Failing to break the roots of the plant before placing it in its new home

One of the biggest mistakes you can make when repotting your plants is failing to break the roots. If you don’t break the root mass, they will continue to grow in their old pot and may get damaged if you try to move them. Breaking up the root mass helps it adjust more easily to its new space and increases your chances of success with transplanting your plants.

A small orange tree in a pot.
You should learn about the type of plants you want to grow.


Neglecting to remove wilted or dead leaves

One of the most common mistakes people make when repotting plants is neglecting to remove wilted or dead leaves. While it’s true that some plants will grow back new leaves after being cut, others won’t. If there are any indications that a leaf is dead, it’s best to remove it before you repot your plant.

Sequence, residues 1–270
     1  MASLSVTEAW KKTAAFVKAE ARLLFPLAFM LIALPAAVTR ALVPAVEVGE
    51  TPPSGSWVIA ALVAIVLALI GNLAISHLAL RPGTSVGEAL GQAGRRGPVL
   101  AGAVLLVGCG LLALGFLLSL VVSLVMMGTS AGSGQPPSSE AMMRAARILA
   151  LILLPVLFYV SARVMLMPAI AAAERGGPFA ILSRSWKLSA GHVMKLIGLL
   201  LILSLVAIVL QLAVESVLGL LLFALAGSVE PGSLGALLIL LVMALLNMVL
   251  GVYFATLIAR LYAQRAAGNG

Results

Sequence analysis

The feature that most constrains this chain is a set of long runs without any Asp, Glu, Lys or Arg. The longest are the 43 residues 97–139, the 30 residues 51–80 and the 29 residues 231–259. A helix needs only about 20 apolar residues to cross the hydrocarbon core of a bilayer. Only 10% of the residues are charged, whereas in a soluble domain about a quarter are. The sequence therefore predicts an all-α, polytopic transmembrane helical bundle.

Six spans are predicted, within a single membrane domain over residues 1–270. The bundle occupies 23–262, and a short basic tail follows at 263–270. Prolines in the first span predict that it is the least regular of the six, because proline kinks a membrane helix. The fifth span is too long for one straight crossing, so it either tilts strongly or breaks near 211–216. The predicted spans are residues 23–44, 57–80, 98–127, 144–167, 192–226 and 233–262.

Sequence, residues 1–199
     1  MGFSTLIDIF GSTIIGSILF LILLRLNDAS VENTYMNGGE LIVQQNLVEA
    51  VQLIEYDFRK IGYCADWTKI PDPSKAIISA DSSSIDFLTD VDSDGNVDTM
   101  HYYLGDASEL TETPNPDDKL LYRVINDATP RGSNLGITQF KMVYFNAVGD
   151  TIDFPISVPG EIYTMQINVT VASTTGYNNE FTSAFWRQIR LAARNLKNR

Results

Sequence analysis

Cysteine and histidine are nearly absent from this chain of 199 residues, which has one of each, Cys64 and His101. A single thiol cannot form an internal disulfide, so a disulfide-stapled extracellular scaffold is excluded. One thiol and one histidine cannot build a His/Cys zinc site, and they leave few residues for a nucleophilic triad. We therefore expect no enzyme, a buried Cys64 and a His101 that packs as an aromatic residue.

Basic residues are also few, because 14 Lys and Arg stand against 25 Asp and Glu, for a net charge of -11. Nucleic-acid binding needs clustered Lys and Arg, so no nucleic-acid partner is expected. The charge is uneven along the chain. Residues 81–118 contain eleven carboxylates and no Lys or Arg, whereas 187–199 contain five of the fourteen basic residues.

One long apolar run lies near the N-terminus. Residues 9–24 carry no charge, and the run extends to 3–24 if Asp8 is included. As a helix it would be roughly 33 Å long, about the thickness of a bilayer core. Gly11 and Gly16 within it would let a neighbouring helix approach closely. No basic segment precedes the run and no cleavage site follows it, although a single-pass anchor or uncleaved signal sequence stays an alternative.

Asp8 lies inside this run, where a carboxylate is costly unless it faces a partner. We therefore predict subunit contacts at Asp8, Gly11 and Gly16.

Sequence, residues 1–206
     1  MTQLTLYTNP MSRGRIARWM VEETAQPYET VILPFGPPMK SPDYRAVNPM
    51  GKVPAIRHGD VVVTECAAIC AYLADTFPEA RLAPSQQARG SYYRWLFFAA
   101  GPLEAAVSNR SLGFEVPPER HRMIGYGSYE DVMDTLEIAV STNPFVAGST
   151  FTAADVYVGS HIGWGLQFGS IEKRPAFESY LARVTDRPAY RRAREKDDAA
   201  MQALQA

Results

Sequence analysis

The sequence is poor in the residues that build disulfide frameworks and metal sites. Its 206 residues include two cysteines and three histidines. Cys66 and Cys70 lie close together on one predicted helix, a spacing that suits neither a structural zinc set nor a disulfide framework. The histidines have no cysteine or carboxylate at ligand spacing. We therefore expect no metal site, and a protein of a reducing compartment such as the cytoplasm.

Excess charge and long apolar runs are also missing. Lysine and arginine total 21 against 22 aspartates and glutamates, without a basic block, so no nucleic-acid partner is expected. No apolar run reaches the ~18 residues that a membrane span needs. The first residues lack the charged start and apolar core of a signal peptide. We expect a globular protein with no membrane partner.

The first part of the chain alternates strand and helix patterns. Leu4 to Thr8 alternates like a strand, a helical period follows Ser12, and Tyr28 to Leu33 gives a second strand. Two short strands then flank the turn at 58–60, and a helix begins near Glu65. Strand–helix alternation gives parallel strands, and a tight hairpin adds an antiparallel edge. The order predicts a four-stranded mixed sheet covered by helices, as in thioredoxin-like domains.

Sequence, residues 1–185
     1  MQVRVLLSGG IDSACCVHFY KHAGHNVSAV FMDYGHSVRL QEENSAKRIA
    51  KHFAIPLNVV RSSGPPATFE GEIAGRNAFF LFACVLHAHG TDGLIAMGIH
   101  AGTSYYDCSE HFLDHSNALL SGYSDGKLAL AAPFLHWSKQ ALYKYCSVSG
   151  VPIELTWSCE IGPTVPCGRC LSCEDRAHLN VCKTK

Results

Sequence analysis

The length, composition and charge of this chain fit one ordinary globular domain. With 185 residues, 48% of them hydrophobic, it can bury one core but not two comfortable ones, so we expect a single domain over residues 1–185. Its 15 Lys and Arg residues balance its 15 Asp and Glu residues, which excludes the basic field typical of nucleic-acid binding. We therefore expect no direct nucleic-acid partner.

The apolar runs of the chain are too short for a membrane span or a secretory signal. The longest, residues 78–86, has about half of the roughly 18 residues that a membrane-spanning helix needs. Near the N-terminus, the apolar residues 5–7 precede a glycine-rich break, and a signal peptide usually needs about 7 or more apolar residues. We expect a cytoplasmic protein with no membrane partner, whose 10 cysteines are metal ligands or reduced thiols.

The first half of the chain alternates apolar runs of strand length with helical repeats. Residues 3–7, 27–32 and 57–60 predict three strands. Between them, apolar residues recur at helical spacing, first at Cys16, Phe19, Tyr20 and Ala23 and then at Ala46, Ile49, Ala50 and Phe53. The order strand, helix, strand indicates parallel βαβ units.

However, you might decide not to remove these pesky leafy corpses for some reason. Then make sure they aren’t located near any healthy parts of your plant. This way, they will not spread their infection further.

Overwatering your newly potted plant

Overwatering is one of the most common mistakes when repotting your plant, even in indoor gardening. Here’s what you should consider:

  • Make sure the drainage hole is not clogged. You can do this by placing your finger over it and seeing if there’s still some resistance or by pouring a small amount of water into the pot and seeing if it drains within about 10 minutes.